How to Successfully End a Completed Visit to Your Website

Written By Mark Weinstein, President

When someone visits your website, whether it’s e-commerce, email sign-up, coupon download or lead generation, the focus is on getting them to take the desired action.  As it should be.  However, the last step in process, when you “thank” the visitor and confirm the desired action, is often overlooked for it’s potential.Read more


Multimedia is a Must

By Julie Determann, Account Supervisor

Do you continue to use one proven marketing channel to deliver promotional messages to your customers? If it works, why change it, right? Wrong! Nowadays you need to be smarter and more encompassing… utilize and test multiple communications modes to increase your overall response rate.

Don’t get complaisant. And more importantly, don’t be ignorant to the wealth of opportunities available to improve your marketing efforts. Challenge yourself to think outside of the box, in some cases the mailbox. Where else can you place your message to effectively reach your customers? Do they regularly commute past billboards, subscribe to monthly trade magazines or frequent similar establishments that offer co-marketing?Read more


Importance of Testing

testing a website

By Kara Monson, Account Supervisor

In my previous blog post 5 Super Bowl Strategies for Everyday Marketing Campaigns , one of the strategies I mentioned was making a marketing plan and the importance of testing.

Since testing is such a vital part of my day-to-day work, it deserves its own blog post. Voila!Read more


Big Brother Is “Micro-Targeting” You

Written by Kim Chapman - Account Executive

Political parties have been using marketing tactics for as long politics have existed. After all, isn’t a political campaign the act of marketing yourself to your audience?

One really smart way that parties have been marketing themselves in recent years is through the use of micro-targeting. Essentially, this is a fancy word for political parties using data to market at a more targeted level.

A lot of this work is done by campaign consultant groups. Not only are these groups collecting consumer data from data-housing companies, they are also merging this data with voter registration records. These records include important information: whether someone is a registered voter, with what party they are registered, and how often they have voted in past elections.

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The Long and Short of Email Copy

Written by: Mark Weinstein, President

Since it is important to quickly grab the attention of an email reader, most email marketers believe, and rightly so, that emails should be visually engaging, short in length and contain a very focused call-to-action.  Most often the goal is to get the reader to click through to a website or microsite.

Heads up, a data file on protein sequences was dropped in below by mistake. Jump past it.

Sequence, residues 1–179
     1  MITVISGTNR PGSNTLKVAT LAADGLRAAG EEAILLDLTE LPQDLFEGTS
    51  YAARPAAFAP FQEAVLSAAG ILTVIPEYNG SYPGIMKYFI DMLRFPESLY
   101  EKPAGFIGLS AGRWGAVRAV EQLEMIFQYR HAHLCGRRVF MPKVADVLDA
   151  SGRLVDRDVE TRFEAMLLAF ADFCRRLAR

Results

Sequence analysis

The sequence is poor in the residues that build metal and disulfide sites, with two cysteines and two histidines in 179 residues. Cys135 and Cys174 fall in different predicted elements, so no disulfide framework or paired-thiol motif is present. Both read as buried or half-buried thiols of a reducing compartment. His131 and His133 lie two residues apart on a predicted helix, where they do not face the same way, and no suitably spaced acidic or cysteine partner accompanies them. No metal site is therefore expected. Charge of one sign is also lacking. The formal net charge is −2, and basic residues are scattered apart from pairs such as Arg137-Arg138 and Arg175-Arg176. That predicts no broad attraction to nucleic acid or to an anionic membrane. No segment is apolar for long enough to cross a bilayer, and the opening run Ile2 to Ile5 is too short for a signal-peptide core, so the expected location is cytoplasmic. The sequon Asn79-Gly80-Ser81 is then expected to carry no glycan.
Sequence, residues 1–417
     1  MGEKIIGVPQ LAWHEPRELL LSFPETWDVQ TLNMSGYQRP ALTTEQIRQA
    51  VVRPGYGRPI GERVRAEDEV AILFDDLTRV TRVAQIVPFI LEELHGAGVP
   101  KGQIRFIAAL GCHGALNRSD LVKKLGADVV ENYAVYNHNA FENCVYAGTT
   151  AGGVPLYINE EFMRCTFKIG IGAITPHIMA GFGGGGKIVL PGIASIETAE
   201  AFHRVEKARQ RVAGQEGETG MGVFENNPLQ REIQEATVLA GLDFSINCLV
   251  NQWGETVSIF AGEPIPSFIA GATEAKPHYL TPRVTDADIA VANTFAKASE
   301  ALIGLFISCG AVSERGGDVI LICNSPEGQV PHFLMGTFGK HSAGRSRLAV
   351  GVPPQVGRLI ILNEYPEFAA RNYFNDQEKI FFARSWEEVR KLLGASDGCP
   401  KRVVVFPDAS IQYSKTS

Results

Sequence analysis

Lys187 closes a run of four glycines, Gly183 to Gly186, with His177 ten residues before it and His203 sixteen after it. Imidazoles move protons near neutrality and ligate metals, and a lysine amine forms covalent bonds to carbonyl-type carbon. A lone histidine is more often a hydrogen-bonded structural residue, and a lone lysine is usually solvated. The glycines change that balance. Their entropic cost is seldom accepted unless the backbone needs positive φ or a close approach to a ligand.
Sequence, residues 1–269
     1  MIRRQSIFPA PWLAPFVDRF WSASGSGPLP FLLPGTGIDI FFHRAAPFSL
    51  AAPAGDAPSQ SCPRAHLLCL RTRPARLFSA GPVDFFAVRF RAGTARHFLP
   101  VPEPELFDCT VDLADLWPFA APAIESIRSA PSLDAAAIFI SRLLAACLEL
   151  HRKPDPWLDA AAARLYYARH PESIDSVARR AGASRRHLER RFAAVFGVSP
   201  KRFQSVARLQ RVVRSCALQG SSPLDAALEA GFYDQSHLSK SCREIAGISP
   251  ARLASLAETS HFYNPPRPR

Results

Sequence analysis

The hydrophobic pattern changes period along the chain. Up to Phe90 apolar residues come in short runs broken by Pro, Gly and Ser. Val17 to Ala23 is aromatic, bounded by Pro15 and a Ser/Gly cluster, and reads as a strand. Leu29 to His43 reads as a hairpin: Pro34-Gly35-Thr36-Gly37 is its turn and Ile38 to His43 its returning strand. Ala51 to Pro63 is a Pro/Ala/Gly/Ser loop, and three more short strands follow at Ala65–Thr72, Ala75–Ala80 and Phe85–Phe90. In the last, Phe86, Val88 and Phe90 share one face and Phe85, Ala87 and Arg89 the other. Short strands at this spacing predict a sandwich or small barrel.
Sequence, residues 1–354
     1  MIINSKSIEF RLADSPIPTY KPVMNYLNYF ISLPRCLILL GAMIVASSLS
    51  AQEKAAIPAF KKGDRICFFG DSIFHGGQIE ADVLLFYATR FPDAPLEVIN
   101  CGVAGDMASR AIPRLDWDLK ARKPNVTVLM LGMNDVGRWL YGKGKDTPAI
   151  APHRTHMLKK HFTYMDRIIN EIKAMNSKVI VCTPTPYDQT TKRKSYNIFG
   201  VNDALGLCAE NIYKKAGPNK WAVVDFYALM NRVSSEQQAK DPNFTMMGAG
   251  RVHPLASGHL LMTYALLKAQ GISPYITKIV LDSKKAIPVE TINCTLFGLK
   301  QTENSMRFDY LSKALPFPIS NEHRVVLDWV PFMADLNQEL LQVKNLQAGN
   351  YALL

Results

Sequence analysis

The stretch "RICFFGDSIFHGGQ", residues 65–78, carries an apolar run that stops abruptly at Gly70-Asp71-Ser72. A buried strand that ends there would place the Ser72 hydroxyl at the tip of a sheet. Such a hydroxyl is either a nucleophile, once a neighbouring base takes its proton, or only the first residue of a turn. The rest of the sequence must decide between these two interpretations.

We agree.  But, are there times when a long copy approach in email makes sense?  Yes.

In a recent series of tests for one of our retail clients we tested a long email with multiple visually impactful coupons versus a short email with one visually engaging coupon and clickable links to the other offers.  The coupon offers and the email broadcast dates were constant. We virtually saw no difference in open rates, click-throughs and most importantly, conversion to sale, between the two email lengths.

But, there are situations when email marketers should consider a bit more copy to engage the reader build relationships and increase clicks.

An Apple online computer accessories and supply company, Other World Computing, effectively builds relationships with its customers with a long copy approach.  Their emails have a friendly, conversational style that often digress into topics like support for the troops, and makes the reader feel he/she received a personal email.  However, throughout the email are tips, links to instructional videos and software updates, and many special, often limited-time, customer-only offers.

Time and Space Toys sells nostalgic collectibles and toys, such as Peanuts, The Grinch and Rudolph the Red Nosed Reindeer. They use a newsletter email format, offering details and images from a variety of lines and products. It's the email version of searching through a bin of goodies at a flea market.  Readers keep scrolling hoping to find a special discovery somewhere within the email. Collectors appreciate detailed information, and are willing to take the time to read through copy before clicking through.

If building relationships, sales and making your customers and prospects feel like there are real people on the other side, try a personal long-copy approach.  The results may surprise you.